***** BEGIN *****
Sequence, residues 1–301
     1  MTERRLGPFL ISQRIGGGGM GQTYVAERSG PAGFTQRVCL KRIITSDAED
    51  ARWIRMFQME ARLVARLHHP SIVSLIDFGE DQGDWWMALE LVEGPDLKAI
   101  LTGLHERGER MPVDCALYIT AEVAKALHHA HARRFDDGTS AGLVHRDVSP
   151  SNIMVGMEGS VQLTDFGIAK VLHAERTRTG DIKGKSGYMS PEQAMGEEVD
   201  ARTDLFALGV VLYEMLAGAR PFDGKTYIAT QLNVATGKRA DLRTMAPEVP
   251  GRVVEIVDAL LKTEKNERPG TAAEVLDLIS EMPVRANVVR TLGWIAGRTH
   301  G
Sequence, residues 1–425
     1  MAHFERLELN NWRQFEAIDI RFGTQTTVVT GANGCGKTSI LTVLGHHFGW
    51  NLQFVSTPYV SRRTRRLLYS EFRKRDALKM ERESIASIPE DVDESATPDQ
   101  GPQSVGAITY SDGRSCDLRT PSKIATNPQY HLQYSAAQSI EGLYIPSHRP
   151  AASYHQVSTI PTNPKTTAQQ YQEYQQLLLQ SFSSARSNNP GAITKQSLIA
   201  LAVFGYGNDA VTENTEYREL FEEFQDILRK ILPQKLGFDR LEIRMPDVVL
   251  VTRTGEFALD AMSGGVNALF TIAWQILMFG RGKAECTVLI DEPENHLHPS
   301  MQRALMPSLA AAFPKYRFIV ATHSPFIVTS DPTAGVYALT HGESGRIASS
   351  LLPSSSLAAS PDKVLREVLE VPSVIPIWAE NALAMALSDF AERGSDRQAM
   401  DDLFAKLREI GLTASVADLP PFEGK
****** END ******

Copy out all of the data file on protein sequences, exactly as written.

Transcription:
Sequence, residues 1–301
     1  MTERRLGPFL ISQRIGGGGM GQTYVAERSG PAGFTQRVCL KRIITSDAED
    51  ARWIRMFQME ARLVARLHHP SIVSLIDFGE DQGDWWMALE LVEGPDLKAI
   101  LTGLHERGER MPVDCALYIT AEVAKALHHA HARRFDDGTS AGLVHRDVSP
   151  SNIMVGMEGS VQLTDFGIAK VLHAERTRTG DIKGKSGYMS PEQAMGEEVD
   201  ARTDLFALGV VLYEMLAGAR PFDGKTYIAT QLNVATGKRA DLRTMAPEVP
   251  GRVVEIVDAL LKTEKNERPG TAAEVLDLIS EMPVRANVVR TLGWIAGRTH
   301  G
Sequence, residues 1–425
     1  MAHFERLELN NWRQFEAIDI RFGTQTTVVT GANGCGKTSI LTVLGHHFGW
    51  NLQFVSTPYV SRRTRRLLYS EFRKRDALKM ERESIASIPE DVDESATPDQ
   101  GPQSVGAITY SDGRSCDLRT PSKIATNPQY HLQYSAAQSI EGLYIPSHRP
   151  AASYHQVSTI PTNPKTTAQQ YQEYQQLLLQ SFSSARSNNP GAITKQSLIA
   201  LAVFGYGNDA VTENTEYREL FEEFQDILRK ILPQKLGFDR LEIRMPDVVL
   251  VTRTGEFALD AMSGGVNALF TIAWQILMFG RGKAECTVLI DEPENHLHPS
   301  MQRALMPSLA AAFPKYRFIV ATHSPFIVTS DPTAGVYALT HGESGRIASS
   351  LLPSSSLAAS PDKVLREVLE VPSVIPIWAE NALAMALSDF AERGSDRQAM
   401  DDLFAKLREI GLTASVADLP PFEGK